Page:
Reluctance to aid Syria’s moderate rebels may not have been Obama’s only mistake. His failure to leave behind a residual force of several thousand troops in Iraq, as counselled by his generals and cabinet members, is now in the spotlight. Meanwhile, the President’s modest vision for American power is being tested, not only as the sectarian war in Iraq worsens, but as Russian President Vladimir Putin’s expansionism destabilizes Europe.
The President who aimed to extract America from its entanglements abroad is suddenly learning the price of detachment. Halfway through their second terms, presidents often turn to foreign affairs as a constructive diversion from gridlock at home. But Obama is facing what could be the biggest foreign policy challenge of his presidency. And, as the superpower steps back, it may be horrified to see who steps in to fill the breach.
The potential threat ISIS poses to America is chilling. It is technologically sophisticated and well-funded by wealthy donors, theft, kidnappings and extortion. It is seizing tanks and heavy equipment intended for the Iraqi army to defend against insurgents just like ISIS. U.S. officials estimate that ISIS now numbers 10,000 fighters, of which 3,000 to 5,000 are from outside countries. Some of them have European or American passports allowing them to travel to the U.S. without visas.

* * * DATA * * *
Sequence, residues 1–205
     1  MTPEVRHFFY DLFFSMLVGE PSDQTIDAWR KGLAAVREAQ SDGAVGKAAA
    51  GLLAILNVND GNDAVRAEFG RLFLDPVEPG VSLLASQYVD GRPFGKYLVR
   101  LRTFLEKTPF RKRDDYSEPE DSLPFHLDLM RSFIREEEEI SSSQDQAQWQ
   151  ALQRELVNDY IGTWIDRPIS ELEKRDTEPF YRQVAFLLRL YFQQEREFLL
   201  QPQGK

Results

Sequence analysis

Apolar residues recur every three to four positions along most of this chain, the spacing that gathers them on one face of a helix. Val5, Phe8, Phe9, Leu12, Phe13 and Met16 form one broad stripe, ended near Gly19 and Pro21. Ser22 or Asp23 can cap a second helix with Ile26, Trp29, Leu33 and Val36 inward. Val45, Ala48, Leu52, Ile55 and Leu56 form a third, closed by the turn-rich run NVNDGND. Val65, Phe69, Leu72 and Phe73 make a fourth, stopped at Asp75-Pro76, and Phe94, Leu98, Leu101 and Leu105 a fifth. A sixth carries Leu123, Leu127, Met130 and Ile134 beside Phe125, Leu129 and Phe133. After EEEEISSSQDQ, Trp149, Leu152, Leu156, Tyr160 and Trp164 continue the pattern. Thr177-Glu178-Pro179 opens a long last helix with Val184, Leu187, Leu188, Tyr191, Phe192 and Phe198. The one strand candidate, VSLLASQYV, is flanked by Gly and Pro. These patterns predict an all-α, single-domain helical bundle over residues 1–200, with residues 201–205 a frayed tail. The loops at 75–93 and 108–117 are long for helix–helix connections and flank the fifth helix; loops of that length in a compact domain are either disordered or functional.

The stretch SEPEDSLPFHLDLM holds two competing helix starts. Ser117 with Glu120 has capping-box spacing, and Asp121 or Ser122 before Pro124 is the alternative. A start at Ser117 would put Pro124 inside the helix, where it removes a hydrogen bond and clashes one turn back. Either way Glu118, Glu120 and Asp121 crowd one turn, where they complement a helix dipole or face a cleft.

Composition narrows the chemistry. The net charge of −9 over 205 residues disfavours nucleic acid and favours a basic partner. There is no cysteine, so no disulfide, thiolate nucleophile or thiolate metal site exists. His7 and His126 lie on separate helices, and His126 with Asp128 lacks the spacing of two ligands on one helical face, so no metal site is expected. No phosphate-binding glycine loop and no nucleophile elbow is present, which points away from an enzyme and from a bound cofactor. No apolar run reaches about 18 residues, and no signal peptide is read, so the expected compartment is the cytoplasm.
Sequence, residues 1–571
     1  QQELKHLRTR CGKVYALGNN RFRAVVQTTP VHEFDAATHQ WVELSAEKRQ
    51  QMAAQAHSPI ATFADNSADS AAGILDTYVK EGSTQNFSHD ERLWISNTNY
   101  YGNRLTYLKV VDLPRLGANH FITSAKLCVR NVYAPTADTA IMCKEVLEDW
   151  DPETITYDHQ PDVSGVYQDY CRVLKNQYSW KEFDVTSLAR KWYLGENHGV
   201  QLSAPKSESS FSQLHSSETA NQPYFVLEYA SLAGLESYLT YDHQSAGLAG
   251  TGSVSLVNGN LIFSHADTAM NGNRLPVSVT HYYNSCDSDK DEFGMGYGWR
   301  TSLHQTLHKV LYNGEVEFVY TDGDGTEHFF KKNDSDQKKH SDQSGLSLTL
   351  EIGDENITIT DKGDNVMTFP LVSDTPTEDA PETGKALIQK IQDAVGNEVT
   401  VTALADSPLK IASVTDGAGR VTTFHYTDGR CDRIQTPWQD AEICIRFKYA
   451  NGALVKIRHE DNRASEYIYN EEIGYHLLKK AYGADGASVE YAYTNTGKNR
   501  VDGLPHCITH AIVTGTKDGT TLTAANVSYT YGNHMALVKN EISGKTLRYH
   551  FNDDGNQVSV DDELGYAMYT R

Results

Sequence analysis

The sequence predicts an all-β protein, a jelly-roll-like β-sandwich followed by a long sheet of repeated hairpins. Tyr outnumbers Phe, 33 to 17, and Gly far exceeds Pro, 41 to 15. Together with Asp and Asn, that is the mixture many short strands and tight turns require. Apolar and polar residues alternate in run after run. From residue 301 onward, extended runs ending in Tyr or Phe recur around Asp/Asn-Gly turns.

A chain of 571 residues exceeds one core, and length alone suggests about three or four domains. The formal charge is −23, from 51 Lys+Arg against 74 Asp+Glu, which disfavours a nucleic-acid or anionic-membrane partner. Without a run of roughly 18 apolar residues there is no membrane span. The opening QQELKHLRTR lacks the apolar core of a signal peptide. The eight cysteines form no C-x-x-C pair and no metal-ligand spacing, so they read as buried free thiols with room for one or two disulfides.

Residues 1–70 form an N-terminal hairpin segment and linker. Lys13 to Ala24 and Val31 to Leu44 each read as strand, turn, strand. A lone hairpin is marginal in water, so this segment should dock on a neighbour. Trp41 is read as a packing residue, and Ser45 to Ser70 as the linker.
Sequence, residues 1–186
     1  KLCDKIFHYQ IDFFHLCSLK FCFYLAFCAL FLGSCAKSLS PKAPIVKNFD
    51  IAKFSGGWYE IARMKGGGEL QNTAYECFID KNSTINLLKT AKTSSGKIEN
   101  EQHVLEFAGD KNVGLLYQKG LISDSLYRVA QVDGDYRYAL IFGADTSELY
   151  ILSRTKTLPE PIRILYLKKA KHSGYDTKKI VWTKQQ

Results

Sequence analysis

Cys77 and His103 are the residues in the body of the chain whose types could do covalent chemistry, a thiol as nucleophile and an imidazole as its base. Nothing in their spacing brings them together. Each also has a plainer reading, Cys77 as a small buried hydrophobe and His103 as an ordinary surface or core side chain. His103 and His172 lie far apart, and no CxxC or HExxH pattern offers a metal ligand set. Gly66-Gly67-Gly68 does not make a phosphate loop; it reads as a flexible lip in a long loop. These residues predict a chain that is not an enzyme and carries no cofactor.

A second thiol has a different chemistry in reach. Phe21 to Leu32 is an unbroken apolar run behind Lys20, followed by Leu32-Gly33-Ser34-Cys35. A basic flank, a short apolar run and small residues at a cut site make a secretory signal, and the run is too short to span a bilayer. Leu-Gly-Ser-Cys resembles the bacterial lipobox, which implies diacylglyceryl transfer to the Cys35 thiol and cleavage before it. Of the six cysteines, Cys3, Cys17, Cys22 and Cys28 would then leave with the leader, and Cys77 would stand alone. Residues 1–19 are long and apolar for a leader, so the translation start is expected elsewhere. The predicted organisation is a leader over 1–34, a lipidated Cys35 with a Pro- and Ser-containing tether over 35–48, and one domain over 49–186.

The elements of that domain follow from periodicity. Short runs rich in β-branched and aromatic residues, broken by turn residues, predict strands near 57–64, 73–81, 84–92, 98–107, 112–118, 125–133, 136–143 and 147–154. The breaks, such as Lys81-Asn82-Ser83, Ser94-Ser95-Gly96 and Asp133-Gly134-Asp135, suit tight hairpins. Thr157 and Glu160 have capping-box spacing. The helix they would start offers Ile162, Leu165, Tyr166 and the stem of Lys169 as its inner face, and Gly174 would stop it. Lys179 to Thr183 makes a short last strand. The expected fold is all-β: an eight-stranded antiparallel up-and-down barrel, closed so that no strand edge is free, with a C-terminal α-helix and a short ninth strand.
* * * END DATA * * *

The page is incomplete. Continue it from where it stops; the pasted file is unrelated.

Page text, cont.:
With a brutal terrorist organization now controlling an area the size of some countries, including border crossings in Iraq, Syria and Jordan, critics blame Obama’s neglect of Syria and Iraq for forsaking what stability had been achieved by a decade of U.S. military effort, at a cost of nearly 4,500 American lives, and more than $1.7 trillion in taxpayer dollars.
Critics point to several key decisions in which Obama’s desire to keep out of the conflicts may have helped enable the current crisis: his decision not to leave troops behind in Iraq after 2011; his decision not to arm the Syrian rebels in the early days of the conflict; and his declaration of a “red line” against Assad’s use of chemical weapons that was not followed up with military consequences.
They say the President was wrong to assume the threat could be contained, rather than confronted: “We saw this happening, and that was what’s so frustrating. We watched them pool in eastern Syria in a way we have never seen before, thousands and thousands of al-Qaeda-affiliated individuals,” the Republican chairman of the House intelligence committee, Mike Rogers, told CBS last week. As for the extremists with Western passports: “That is as dangerous as it gets.”
Of course, it was Bush’s invasion of Iraq that opened the Pandora’s box of sectarian violence in that country. Hillary Clinton had voted for it. And many of the voices now calling for a stronger U.S. role in the region had also supported the ill-fated war.